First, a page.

Folic acid supplements may cut stroke risk a bit, but not heart disease
By david Liu, PHD
Tuesday Aug 14, 2012 (foodconsumer.org) -- Eating folic acid rich foods or taking folic acid supplements may reduce the risk for stroke, but not coronary heart disease, according to a study published on Aug 9, 2012 in the European Journal of Internal Medicine.
The study led by H.T. Yang of Chang Gung University College of Medicine in Taiwan and colleagues showed folic acid supplementation was associated with a 7 percent reduced risk for stroke.
Observational studies have found an association between lower serum homocysteine levels and lower incidence of cardiovascular disease. Homocysteine levels can be effectively lowered by high intake of dietary folic acid, but cardiovascular risk was not reduced by lowering homocysteine, according to some studies.
The current study was a meta-analysis of data from 26 relevant randomized controlled trials of 58,804 participants, intended to assess the efficacy of folic acid supplementation in the prevention of cardiovascular disease, coronary heart disease and stroke.
Folic acid supplementation was not correlated with the risk of cardiovascular disease, coronary heart disease and all-cause mortality, but was linked to a 7 percent decreased risk of stroke, according to the study report.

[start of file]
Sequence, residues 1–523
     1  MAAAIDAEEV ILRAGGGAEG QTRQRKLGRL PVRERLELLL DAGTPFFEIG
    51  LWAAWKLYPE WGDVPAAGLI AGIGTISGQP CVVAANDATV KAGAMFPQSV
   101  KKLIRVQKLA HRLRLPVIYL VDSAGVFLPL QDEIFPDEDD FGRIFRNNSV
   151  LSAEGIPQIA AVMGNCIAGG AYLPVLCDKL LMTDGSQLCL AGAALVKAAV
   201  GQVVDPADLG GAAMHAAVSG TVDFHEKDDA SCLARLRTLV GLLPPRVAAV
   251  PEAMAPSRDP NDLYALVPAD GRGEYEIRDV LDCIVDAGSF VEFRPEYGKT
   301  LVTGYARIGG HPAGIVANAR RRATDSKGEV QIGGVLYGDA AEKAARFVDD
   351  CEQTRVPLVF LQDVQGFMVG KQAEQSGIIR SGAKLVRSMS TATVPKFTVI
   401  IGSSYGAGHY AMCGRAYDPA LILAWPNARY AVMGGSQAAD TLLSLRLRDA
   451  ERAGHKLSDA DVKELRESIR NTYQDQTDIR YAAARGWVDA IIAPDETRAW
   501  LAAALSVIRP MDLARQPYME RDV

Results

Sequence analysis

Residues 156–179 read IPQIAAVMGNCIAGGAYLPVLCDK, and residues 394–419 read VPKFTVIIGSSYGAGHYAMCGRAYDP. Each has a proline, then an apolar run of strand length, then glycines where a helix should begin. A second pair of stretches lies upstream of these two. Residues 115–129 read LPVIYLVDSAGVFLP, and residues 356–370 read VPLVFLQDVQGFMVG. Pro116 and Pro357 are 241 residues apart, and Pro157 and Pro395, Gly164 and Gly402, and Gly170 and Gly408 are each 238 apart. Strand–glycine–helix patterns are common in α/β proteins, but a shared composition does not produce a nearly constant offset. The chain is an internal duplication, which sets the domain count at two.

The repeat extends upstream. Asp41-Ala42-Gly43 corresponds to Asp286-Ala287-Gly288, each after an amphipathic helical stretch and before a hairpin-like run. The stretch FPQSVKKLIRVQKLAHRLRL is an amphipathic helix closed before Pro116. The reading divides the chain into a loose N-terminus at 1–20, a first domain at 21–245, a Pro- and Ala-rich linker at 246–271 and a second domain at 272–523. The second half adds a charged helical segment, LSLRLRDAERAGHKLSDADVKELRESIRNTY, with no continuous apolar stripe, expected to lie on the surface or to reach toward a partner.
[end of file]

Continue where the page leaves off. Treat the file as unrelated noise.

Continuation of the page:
The researchers concluded "This meta-analysis suggests that there might be a potentially modest benefit of folic acid supplementation in stroke prevention."
Heart disease is the number one killer in the United States. According to the Centers for Disease Control and Prevention (CDC), heart disease killed 616,000 Americans in 2008. Coronary heart disease is the major form of heart disease, which killed 405,309 Americans in 2008. Coronary heart disease cost the U.S. $108.9 billion in 2010.
The main risk factors for coronary heart disease, the CDC says, are inactivity (53%), obesity (34%), high blood pressure (32%), tobacco smoking (21%). high cholesterol (15%) and diabetes (11%). Diet, which is not included in the risk list, is a major factor for increased risk of heart disease in the West, many nutritionists believe. Some processed foods are linked to elevated risk for the disease while other foods are associated with a reduced risk.
The condition of coronary heart disease can be reversed or stabilized by following a plant-based diet. Readers who are interested in alternative preventative measures should check out the website run by Dr. Dean Ornish, a University of California in San Francisco professor who is among the few doctors who ever use a plant-based diet to treat heart disease and diabetes. The efficacy can be as high as 99%.
Folic acid is commonly added to grain products. Food consumers need to know that intake of too much folic acid or commonly seen as folate can do more harm than good in both men and women. Folic acid is found high in vegetables, which are safe to eat.
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